By Shawn Wright | Native View (via Scoop It)
A most revealing and to me riveting study was recently published by Sarah B. Shear, Ph.D. , the likes of which have long been known but remained unproved with scientific validity over the last 500 years.
Feb. 19th, 2015 is a day that ends this voids silence forever more!
The research conducted was a mixed methods content analysis of the nation’s K–12 U.S. and state history standards. The study reveals that that Indigenous Peoples were “largely confined within a pre-1900 context devoid of any significant voice. The narrative presented in U.S. history standards, when analyzed with a critical eye, directed students to see Indigenous Peoples as a long since forgotten episode in the country’s development. The state standards spoke about Indigenous peoples’ experiences in broad terms and were often blended within discussions of Euro-American destiny.”
There has been found a “Continued prevalence and persistence of a Eurocentric master narrative in our textbooks and standards.” “When one looks at the larger picture painted by the quantitative data, it is easy to argue that the narrative of U.S. history is painfully one sided” “Indigenous Peoples are excluded from the American story. California history textbooks fail to include critical content related to the kidnapping, rape, murder, and enslavement of Indigenous Peoples throughout California during the Gold Rush era. Instead, one of the texts focused “heavily on the mythology of the era and the thrilling life of American pioneers moving West”. Yet another text, reviewers concluded, could lead elementary students to perceive the Indigenous Peoples as being the cause of “their own demise by attacking miners”. By and large, the California texts failed to adequately address the well-documented genocide of Indigenous Peoples in the state (Trafzer & Lorimer, 2014). While this notion of an American narrative devoid of minority voices is not new, it is ever the more evident now that every state has been examined for such a story. “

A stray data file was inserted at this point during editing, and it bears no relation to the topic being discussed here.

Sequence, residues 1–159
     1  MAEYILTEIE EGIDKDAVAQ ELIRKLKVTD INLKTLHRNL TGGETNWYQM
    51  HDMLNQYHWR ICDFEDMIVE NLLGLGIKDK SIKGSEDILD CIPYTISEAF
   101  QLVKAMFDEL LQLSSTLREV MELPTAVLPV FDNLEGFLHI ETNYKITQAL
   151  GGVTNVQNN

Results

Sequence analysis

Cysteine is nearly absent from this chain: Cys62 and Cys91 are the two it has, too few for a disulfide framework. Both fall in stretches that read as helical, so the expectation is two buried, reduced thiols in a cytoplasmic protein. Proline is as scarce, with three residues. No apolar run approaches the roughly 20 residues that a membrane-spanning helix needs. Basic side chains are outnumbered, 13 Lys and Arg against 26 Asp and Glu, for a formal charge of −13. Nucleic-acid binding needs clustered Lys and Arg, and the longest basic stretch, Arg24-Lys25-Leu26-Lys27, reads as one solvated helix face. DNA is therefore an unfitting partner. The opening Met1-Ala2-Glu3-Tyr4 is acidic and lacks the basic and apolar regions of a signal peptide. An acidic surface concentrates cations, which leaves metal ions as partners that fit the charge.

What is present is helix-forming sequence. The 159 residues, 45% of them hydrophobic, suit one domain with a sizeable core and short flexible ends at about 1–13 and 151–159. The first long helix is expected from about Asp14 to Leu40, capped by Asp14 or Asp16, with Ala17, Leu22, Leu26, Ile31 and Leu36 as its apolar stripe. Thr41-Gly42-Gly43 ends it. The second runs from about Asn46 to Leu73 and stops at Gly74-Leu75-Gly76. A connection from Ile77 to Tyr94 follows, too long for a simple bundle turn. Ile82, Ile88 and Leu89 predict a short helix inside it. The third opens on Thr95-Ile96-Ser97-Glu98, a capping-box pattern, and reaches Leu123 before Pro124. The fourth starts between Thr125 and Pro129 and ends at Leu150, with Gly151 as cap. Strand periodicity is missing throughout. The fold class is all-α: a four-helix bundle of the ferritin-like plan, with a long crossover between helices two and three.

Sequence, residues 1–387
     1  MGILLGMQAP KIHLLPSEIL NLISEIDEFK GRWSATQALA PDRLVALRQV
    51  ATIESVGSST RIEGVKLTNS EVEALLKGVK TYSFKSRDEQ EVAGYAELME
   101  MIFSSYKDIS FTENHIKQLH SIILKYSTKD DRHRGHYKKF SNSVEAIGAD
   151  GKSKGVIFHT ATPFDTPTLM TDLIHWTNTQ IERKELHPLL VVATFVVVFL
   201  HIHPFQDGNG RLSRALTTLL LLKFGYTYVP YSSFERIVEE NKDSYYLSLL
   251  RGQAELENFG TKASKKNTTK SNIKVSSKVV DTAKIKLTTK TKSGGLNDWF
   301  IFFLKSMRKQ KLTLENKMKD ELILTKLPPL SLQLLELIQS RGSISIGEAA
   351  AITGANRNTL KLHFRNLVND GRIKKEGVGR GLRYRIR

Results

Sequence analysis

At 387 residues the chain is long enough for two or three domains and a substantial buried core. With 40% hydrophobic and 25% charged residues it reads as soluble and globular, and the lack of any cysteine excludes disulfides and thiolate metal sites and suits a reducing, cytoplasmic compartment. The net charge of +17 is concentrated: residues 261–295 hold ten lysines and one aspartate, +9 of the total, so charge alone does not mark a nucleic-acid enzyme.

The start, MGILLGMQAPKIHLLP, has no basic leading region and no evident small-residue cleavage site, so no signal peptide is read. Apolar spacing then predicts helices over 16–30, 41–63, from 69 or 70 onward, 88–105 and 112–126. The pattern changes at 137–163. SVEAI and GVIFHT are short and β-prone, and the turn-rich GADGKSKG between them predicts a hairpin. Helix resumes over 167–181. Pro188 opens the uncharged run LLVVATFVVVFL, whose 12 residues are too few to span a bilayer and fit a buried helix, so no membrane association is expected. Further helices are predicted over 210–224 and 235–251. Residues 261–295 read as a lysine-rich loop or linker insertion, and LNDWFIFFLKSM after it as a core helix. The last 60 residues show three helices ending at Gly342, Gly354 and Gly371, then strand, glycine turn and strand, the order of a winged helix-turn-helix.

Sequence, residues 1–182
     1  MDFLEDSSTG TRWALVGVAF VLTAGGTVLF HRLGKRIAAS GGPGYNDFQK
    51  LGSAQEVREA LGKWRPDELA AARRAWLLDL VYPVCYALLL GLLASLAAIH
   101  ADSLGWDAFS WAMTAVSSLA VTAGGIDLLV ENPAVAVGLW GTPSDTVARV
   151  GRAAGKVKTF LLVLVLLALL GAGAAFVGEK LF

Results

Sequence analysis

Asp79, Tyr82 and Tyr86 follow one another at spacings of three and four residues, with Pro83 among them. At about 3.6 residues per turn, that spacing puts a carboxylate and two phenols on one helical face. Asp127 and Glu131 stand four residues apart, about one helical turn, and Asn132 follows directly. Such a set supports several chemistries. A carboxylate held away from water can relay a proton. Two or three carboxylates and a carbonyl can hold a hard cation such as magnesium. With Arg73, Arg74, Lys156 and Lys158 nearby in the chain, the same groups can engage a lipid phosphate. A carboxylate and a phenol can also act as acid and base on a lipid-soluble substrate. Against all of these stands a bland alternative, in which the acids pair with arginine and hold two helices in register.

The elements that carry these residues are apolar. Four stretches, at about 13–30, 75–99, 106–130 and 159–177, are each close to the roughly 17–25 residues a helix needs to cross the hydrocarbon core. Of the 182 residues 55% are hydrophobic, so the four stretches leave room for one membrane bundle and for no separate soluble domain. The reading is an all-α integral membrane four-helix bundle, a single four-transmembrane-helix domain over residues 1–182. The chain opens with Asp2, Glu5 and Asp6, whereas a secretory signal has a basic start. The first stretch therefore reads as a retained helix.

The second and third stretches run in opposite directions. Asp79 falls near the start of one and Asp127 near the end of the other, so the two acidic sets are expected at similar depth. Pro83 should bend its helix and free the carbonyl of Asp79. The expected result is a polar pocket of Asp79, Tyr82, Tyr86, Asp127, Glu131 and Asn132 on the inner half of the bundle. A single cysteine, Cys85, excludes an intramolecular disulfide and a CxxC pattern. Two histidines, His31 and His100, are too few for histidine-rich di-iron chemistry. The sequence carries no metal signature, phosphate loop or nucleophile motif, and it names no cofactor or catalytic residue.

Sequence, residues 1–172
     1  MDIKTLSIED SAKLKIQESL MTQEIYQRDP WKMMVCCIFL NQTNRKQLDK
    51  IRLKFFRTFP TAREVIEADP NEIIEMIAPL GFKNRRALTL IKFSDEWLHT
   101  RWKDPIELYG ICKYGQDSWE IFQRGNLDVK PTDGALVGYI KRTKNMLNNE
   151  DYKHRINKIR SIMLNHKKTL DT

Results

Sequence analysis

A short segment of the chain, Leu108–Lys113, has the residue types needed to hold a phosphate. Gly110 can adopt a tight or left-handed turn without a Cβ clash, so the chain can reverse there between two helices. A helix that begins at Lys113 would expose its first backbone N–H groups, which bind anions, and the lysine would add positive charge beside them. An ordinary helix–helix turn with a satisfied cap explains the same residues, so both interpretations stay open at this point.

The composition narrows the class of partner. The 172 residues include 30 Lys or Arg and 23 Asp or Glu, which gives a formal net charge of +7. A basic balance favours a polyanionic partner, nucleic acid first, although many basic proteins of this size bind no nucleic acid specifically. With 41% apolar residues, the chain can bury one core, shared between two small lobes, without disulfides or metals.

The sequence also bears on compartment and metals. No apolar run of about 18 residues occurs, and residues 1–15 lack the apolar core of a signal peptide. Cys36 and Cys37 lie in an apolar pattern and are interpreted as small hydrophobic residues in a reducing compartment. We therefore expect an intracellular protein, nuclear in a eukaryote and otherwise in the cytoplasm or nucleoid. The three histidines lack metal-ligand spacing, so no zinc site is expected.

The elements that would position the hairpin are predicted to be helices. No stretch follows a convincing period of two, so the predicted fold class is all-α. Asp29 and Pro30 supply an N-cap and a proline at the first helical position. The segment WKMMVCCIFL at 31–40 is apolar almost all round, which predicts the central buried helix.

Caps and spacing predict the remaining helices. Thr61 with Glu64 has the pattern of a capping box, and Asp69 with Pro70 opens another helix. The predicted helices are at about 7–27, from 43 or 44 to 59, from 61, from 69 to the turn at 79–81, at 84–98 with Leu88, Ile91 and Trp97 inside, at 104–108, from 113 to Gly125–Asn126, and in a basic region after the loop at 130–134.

Why should I invest effort to broadcast these results so they are widely known much less care enough to invest as much personal resource as is possible to change this? I could say because it’s morally the right thing to do but this to me is a bit more personal as well the effects have materialistic components that cannot be denied. Let’s discuss what’s in it for you and me. Red, yellow, black or blue does not matter as racial tension within the United States of America is being taught to the children of this country cloaked in secret subliminal messaging.
The study of elementary and middle school social studies textbooks found “they failed to adequately address the long-lasting impact of institutionalized racism” and conclude “what students learn, and fail to learn, will impact the sociocultural knowledge base they will develop about the role race and racial equality played, and continue to play, in the United States”.
Continue to play…. There is the whole issue, that’s the ominous kicker. If we continue in the same fashion we will produce the same results. History repeats like a mathematics equation yielding the same result. 2+2 yields the same today as it did yesterday – the only way to change the result is to vary the input.
Textbooks in use present Indigenous Peoples in negative ways. For example, the study found that Nebraska social studies textbooks told a narrative of history devoid of historical and cultural accuracy and presented Indigenous Peoples as thieves, drunks, bloodthirsty savages, and lazy.
Schools are (still) being used in a CultureCide against me oppressing my children and grandchildren distorting the view and opinion of society and tomorrow’s leaders. Stop it now and we have 50 or so years to wait for these effects to diminish from the societal norm!
These dynamics of oppression have been rendered invisible to the main stream for far too long, however painfully visible they are to others. The work of decolonizing education must begin here and now. We all must engage in the lifelong task of unlearning these things and break their hold over us and more importantly their grasp on the future of our children.
The studies qualitative findings “illuminate a Euro-American narrative that reinstitutes the marginalization of Indigenous cultures and knowledge. Indigenous Peoples are left in the shadows of Euro-America’s destiny, while the cooperation and conflict model provides justification for the eventual termination of Indigenous Peoples from the American landscape and historical narrative.” “Finally, a tone of detachment, especially with long lists of legal and political terms, dismisses the humanity of Indigenous cultures and experiences in the United States.”